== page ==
George Dix, a law professor at the University of Texas in Austin, said there is a big difference between respectful dissent and the kind of language that demeans judges and, in turn, the very issues before the court.

�It is unseemly and harmful to the court in general for there to be that kind of exchange that frequently,� said Dix, who is familiar with the work of the 10th Court. �It detracts from the work. Certainly, you read the opinions and you come away maybe not remembering what was held or what was discussed, but you do remember the personal animosity. It does detract from what otherwise might be good, professional work.�

twitherspoon@wacotrib.com

[This message was edited by JAS on 06-14-07 at .]
 
Posts: 586 | Location: Denton,TX | Registered: January 08, 2007Reply With QuoteReport This Post
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Shouldn't the article include some statistical evidence that Justice Gray is RIGHT most of the time, as evidenced by the opinions reversing the court?
 
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JB. Only if the article was meant to be fair.
 
Posts: 956 | Location: Cherokee County, Rusk, Tx | Registered: July 11, 2001Reply With QuoteReport This Post
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It would certainly put another spin on it to note for how long Judge Gray put up with having his conclusions ignored in favor of wrong decisions before the tone of his dissents started to get "less collegial." I'm sure that my sarcastic streak would become more pronounced if I felt like nobody was listening to me despite my being right more often than my colleagues.
 
Posts: 622 | Location: San Marcos | Registered: November 13, 2003Reply With QuoteReport This Post
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I knew Tommy Witherspoon and he had most of the courthouse beat a long time ago and still does. His reputation for being fair was good while I worked there. The paper leans to the left on editorials, but the courthouse reporting is pretty good.
 
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I'm not sure a "fair" article quotes anonymous attorneys who spit out unsubstantiated statistics like "the higher courts agreed with Gray no more than 25 percent of the time". A "fair" journalist would want to know the source of that statistic and would document that source.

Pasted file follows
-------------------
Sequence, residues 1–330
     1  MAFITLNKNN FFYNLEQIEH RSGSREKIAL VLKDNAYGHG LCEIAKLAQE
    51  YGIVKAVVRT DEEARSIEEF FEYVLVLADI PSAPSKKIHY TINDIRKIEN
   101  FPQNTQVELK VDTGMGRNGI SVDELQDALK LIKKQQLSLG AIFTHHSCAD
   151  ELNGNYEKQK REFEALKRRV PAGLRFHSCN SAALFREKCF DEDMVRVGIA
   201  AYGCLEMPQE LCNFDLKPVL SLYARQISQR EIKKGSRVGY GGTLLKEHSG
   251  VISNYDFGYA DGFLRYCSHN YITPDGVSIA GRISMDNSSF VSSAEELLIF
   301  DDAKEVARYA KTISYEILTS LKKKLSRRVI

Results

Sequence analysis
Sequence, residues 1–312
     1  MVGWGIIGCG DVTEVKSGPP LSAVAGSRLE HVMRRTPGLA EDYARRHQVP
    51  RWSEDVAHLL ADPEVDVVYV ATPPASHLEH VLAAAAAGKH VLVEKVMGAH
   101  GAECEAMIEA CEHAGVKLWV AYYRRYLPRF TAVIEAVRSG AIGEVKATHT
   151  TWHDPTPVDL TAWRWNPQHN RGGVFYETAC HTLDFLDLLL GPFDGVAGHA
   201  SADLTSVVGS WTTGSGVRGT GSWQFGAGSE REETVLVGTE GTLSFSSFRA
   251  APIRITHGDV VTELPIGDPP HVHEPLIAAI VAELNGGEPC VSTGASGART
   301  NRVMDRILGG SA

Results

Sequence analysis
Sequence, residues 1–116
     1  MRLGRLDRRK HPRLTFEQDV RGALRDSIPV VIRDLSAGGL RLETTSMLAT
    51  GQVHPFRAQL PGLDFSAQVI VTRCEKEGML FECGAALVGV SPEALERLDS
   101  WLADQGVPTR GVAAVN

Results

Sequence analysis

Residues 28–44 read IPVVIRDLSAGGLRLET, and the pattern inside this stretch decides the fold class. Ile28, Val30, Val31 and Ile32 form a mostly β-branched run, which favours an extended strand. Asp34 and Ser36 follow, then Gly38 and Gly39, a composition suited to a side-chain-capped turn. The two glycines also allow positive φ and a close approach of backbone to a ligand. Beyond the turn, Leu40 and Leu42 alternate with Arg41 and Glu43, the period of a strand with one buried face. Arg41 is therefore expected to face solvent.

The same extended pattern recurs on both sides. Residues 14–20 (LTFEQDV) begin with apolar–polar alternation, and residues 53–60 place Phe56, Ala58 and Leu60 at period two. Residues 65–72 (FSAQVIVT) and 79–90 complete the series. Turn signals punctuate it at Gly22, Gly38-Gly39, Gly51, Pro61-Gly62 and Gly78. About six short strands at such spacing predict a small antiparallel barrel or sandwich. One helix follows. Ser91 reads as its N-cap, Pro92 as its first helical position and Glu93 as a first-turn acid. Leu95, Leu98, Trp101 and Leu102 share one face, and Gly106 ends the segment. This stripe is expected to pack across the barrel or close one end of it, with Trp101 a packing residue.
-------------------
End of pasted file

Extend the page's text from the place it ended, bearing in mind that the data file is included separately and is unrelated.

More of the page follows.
Posts: 39 | Registered: March 02, 2001Reply With QuoteReport This Post
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Of course, a 25% reversal rate for a prosecutor would indicate a serious problem. A 25% rate of wrongful conviction would be appalling. But, gee, if an appellate court gets it wrong only 25% of the time when reviewed by a higher court, doesn't that mean a fantastic success rate of 75%?

This is the hidden agenda of the media. The decision was made before the article was written: Gray is rude and must be stopped.

The lead could just have easily have been: A liberal judge rules without any legal bounds and is being called on the carpet by a strict constructionist.
 
Posts: 7860 | Location: Georgetown, Texas | Registered: January 25, 2001Reply With QuoteReport This Post
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quote:
It is important for appeals courts judges to maintain a high level of communication so that they can discuss cases and come to a reasoned decision. If a judge gets to the point where his or her comments and opinions are undermining the collegiality and the ability of the court to reason together collectively, you have a problem. Where the court is not operating as a deliberate, collective body, you've got problems.



Is this really true? If the judges are destined to disagree with each other, will their ability to better communicate that disagreement result in any different outcome. I do not think any of the three judges involved are merely spatting between themselves and taking positions just to be oppositional. They genuinely feel differently about the law. Gray is frustrated because what seems clear to him (and apparently quite often to the judges on higher courts) is not grasped by his "colleagues." But, just because someone may be a poor lawyer (or judge) does not necessarily call for vitriol. It would be simpler to just say "I disagree with this proposition because . . ." and leave it at that.

I also see no problem with responding to someone's public claim that they are my good friend with a true description of the relationship. One of my favorite TV shows is "Keeping Up Appearances." The problem in Glen Rose arose from the choice of who would introduce Gray. They should have known better.
 
Posts: 2341 | Registered: February 07, 2001Reply With QuoteReport This Post
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Having previously practiced in this jurisdiction, and seen the work up close, I can feel Gray's pain, as he too often finds himself the lone voice of reason on this court.

One of the things I know we all strive to do when presenting a brief is to be painstakingly accurate with our summary of the facts, citing to the record often to make it clear we are being accurate. Credibility at stake, and all.

How frustrating I found it then, when I read an opinion written by Reyna which upheld my case but absolutely butchered significant facts. It made me nuts to have it happen that one time, I can't imagine having to live with it daily.

Pray for Gray.
 
Posts: 159 | Location: At the beach, Texas | Registered: June 12, 2001Reply With QuoteReport This Post